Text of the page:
The caller then concluded by bemoaning that “the voting thing is so skewed with dollars…” I think that people like my father would turn over in his grave if he knew there was some movement to have elected judges.”
(Listen to the podcast here – the call starts off the 11AM hour, and continues to the 11 minute mark)
Let me be clear on one point: that concluding statement was either ignorant, or a deliberate lie. Either way, it is a gross mischaracterization.
Clear The Bench Colorado has not advocated for a return to contested elections for judges. The entire point is to increase voter awareness of our rights within the system, provide some much-needed information (doing a “better job of getting the opinions of existing judges before they go to the ballot”, for example) – since, as Rosen correctly points out, the Blue Book summation of the Performance Review Commissions “evaluations” is “platitudinous, worthless… and of no value whatsoever” in providing substantive information with which voters can make an informed decision.
An additional, hypocritical, gross mischaracterization advanced by the caller is the role of money in the judicial retention evaluation and election process. Yes, the “voting thing” is skewed with dollars – in favor of retaining incumbents. Not only are large amounts of taxpayer dollars spent on the whitewash judicial performance review “evaluations” (and subsequent printing & distribution in the “Blue Book”) which have ALWAYS (100%!) recommended retention for Colorado Supreme Court justices, but legal establishment special-interest groups have spent hundreds of thousands, if not millions, on incumbent-protection campaigns (including the “Grueskin Group” formed specifically to counter the judicial-accountability message of Clear The Bench Colorado and protect incumbents judging their cases). Yet despite the obvious conflict of interest posed by attorneys spending to protect incumbent judges who will rule on cases in which the same attorneys take part, they are allowed to spend freely – since, by maintaining the status quo, they need only point to the judicial review commission’s “retain” recommendations and claim a purely “educational” mission free of direct advocacy. These groups are also not subject to campaign finance law reporting and accountability, in contrast to grassroots organizations like Clear The Bench Colorado – allowing them to work outside of public scrutiny. Corrupting influence? Perish the thought!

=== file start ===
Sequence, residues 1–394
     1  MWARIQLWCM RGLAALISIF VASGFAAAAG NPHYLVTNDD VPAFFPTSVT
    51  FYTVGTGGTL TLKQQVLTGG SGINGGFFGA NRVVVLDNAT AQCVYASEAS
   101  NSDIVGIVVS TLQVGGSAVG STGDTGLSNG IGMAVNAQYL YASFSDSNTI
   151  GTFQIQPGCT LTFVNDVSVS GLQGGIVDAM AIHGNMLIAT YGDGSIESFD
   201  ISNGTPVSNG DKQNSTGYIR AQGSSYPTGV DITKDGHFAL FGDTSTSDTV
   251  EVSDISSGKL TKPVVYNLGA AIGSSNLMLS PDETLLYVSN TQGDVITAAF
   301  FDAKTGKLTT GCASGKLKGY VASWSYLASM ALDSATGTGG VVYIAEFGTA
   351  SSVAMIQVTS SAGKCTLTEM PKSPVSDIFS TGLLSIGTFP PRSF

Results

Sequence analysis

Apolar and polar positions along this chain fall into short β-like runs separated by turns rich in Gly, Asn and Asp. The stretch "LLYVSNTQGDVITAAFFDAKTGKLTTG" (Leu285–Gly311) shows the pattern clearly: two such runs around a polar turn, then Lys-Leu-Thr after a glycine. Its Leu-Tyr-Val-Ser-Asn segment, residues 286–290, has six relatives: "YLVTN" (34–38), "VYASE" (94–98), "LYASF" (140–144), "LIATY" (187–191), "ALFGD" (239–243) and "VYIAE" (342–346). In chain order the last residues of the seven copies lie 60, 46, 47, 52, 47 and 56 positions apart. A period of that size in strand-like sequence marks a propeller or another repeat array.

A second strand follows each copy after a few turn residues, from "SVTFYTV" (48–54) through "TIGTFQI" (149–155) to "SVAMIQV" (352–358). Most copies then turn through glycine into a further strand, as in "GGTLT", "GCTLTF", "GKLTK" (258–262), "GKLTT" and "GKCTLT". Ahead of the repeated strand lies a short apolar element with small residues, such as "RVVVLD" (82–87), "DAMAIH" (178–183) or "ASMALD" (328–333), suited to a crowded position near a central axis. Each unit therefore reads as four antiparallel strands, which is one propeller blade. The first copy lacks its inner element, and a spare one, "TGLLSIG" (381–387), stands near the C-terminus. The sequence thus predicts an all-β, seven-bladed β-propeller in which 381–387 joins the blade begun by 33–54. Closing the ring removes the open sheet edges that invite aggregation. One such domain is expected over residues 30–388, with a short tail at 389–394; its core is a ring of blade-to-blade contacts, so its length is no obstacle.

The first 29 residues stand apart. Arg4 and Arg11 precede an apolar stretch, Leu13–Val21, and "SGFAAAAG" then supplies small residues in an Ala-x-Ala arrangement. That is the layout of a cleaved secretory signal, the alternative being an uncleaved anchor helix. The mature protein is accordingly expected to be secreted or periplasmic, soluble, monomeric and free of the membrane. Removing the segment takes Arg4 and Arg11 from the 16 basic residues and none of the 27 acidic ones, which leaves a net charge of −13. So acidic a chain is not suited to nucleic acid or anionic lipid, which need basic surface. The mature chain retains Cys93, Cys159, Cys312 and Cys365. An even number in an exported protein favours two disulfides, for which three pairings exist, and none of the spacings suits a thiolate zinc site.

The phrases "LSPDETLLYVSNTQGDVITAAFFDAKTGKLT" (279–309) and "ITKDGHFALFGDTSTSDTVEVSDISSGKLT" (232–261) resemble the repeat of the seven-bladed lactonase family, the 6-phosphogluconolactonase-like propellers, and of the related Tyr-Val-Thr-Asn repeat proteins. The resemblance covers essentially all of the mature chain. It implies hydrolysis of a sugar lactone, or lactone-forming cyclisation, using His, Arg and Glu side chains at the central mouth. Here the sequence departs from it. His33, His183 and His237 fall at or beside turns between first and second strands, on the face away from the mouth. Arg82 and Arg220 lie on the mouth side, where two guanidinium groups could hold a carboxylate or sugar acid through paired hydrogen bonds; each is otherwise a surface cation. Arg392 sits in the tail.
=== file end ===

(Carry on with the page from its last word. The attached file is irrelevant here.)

Become an informed voter; conduct your own evaluation of the performance of these justices, based on how (and whether) they follow the Constitution and uphold the rule of law. As an informed citizen, Yes, you can exercise your right to vote “NO” on the four (er, now three) ‘unjust justices’ of the Mullarkey Majority (Michael Bender, Alex Martinez, Nancy Rice; soon minus Chief Justice Mary Mullarkey) who need YOUR approval to continue taking away your constitutional rights: your right to vote on tax increases, your right to defend your homes and business from seizure by abuse of eminent domain, and your right to enjoy the benefits of the rule of law, instead of rule by activist, agenda-driven ‘justices.’ Support Clear The Bench Colorado with your comments (Sound Off!) and your contributions – and vote “NO” on retaining these unjust justices in the November elections!